So we're just into the third month of 2015, and like most Americans (I'd wager) I fell off the New Year's Resolution bandwagon... long ago.
Actually, I never even set any resolutions. I usually don't, because any good astrologer will tell you that spring is really when you're supposed to do these things - when the zodiac starts over, not when the calendar year does.
Not that any of those plans tend to stick either most years. I guess I'm bad at this.
I didn't do much in the way of solidifying these resolutions, or do any of the things you're "supposed" to do when goal-setting. I had these floaty little fairies of resolutions in the back of my mind, but there wasn't any kind of action plan attached. Which is the downfall of anything your mind can come up with.
A few weeks into the year, recognizing this lack of resolve, I resolved to resolve in a new way. I decided instead of making a few resolutions that only applied to this year, I would come up with some lifelong resolutions, worth pursuing season upon season, renewable any time, any place.
And then everything got super busy and this blog was the first thing to go.
But that's okay - in keeping with my first lifelong resolution, I declare it thus. What's my first resolution?
Lifelong Resolution #1
I will NOT beat myself up over ANYTHING.
Think that sounds too easy? Like giving up liver for Lent? Hardly. At least, not if you're me.
I know I'm not alone ('fess up!). We're often far too hard on ourselves, piling on the guilt and the shame and the self-flagellation for various misdeeds and faults - whether big or small. For example, if I were so inclined I could currently beat myself up for the following:
- Being fat
- Being in debt
- Joining a gym and not going more than once in the five weeks since
- Not blogging in over a month (Facebook likes to tell me EXACTLY how many days since I've updated this blog's corresponding page, but I haven't committed it to memory)
- Being otherwise inadequate in any number of ways
But (A) Where would beating myself up get me? And (2) Actually "A" is enough.
"Hold on, Kim!" you might be thinking. "I'M in debt, too!" or "I'm ALSO overweight. Does that mean I'm a terrible person?"
NO! And neither am I! That's the whole point! If our friends came to us with the same problems, we'd never judge them so harshly. We'd support them and help them through. We'd answer with nothing but LOVE.
Why is it so different when we turn the lens upon ourselves? Why do we search for reasons to hate ourselves and to justify that hate? Talk about a waste of time.
It's Not a Get Out of Jail Free Card
So it's not worth beating yourself up over every failure, fault, event, circumstance, that doesn't go as planned or causes a problem in your life. But that doesn't mean you don't have to take responsibility for your actions. It doesn't mean that making changes is off the table.
Because here's the sneaky little thing that we also love to pretend: beating ourselves up gives us an excuse to keep being "bad." It's a passive move, "Look how I'm punishing myself by internalizing all my faults and living miserably as penance."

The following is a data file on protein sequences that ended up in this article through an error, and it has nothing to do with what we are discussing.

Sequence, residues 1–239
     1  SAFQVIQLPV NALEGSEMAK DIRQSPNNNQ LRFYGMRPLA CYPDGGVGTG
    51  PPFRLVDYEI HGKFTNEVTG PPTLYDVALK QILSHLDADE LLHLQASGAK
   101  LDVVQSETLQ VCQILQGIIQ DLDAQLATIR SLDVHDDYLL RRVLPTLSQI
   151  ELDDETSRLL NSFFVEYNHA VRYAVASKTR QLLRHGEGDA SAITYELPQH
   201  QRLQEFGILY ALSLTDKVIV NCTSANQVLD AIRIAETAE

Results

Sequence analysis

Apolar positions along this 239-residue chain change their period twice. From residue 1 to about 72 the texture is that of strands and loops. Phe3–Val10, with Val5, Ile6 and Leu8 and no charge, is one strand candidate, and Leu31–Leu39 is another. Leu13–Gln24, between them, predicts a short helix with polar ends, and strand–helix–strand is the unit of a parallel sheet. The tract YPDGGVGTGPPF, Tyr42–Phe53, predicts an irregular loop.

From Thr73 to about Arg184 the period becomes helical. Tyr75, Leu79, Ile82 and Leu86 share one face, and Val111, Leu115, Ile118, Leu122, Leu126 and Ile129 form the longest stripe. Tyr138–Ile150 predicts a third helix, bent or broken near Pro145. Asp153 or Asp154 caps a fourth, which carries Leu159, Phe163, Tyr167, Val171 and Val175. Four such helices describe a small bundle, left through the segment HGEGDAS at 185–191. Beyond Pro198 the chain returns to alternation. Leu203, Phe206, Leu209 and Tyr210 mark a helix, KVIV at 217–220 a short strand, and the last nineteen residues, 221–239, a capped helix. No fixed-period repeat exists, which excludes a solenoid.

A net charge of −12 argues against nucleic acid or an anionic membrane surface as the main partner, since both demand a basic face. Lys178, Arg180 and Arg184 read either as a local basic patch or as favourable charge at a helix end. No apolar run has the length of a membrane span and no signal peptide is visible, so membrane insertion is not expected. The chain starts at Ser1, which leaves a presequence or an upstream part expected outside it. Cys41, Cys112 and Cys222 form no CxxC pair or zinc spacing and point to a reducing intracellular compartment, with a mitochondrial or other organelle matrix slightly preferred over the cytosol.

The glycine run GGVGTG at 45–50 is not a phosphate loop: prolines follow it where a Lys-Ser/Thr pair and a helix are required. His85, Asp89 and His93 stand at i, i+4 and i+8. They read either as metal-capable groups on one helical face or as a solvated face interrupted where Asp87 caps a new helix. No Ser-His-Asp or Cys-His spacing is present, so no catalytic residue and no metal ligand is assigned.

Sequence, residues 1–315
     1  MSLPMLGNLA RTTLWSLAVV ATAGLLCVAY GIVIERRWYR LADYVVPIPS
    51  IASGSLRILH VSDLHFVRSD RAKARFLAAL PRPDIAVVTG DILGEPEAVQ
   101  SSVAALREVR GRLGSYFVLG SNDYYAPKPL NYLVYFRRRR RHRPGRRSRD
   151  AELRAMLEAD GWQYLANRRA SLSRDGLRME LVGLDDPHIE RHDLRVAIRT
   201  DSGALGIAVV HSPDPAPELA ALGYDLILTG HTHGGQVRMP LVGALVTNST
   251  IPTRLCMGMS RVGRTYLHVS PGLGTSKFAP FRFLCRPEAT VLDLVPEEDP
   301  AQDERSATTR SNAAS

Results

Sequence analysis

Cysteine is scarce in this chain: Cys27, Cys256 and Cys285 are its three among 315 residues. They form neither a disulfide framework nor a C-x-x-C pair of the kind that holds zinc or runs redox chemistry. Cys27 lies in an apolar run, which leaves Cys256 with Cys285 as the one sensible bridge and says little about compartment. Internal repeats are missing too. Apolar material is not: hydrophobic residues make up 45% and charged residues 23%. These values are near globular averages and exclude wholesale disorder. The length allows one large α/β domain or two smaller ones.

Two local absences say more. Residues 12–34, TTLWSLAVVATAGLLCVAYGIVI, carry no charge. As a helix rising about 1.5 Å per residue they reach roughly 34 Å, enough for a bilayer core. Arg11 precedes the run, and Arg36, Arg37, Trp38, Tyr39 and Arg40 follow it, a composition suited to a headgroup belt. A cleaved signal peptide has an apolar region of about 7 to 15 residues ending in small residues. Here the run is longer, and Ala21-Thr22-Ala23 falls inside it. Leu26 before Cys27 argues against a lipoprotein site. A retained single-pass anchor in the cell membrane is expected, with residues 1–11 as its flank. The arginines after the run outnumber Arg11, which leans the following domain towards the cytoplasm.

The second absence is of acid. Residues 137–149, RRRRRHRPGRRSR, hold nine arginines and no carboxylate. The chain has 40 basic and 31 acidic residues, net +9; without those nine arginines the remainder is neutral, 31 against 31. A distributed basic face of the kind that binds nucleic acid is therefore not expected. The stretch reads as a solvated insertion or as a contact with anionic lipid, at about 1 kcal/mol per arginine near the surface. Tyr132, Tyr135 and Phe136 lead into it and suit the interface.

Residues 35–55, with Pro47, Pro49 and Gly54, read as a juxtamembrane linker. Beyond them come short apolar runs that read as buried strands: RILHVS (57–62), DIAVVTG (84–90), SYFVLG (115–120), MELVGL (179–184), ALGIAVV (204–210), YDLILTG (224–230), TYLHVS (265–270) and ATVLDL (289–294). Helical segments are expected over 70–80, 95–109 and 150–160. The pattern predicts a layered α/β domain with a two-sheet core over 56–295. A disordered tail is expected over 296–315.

But change only comes with action. Right?
Just Clean Up Your Mess
So stop beating yourself up, and start assessing the damage. Then clean it up. When you break a lamp or vase or glass you don't psychoanalyze every moment that led up to it breaking. You curse, yell for someone to bring you your shoes, and you set about cleaning it up.
It might take a moment of strategy - "I need a box for these big pieces so they don't cut into the trash bag, or cut anyone else throwing something away... I need a broom for the medium bits maybe... I need to vacuum..."
You don't waste time wondering how or why the glass broke. You don't refuse to use all glassware for evermore because this one glass broke. You don't yell at the glass (well, maybe you do, but glasses don't have feelings, so it's okay). You just fix it. You clean it up. And you move on. You might even buy a new glass/vase/lamp. And maybe it'll be better than the one you had.
That's called lemonade.
Give it Time
Sure, some messes take longer to clean up - they're usually the ones that took the longest to MAKE. That financial hole you dug yourself into didn't happen overnight... why do you think you can crawl out of it overnight?
You can't. But that doesn't mean just sitting in the hole crying and telling yourself how bad you are for letting it happen. That won't solve the problem. Small steps forward over time WILL. But you won't be able to make them if you're constantly beating yourself up about it. It's as bad for your self-esteem as it would be coming from anyone else.
So that's the idea, and that's my resolution. I don't need to beat myself up for not blogging, or anything else. I just need to start blogging again. Etc.
I feel better already.
What lifelong resolution would be YOUR first, beauties? Share with me in the comments!
IMAGE CREDIT: JOHN HAIN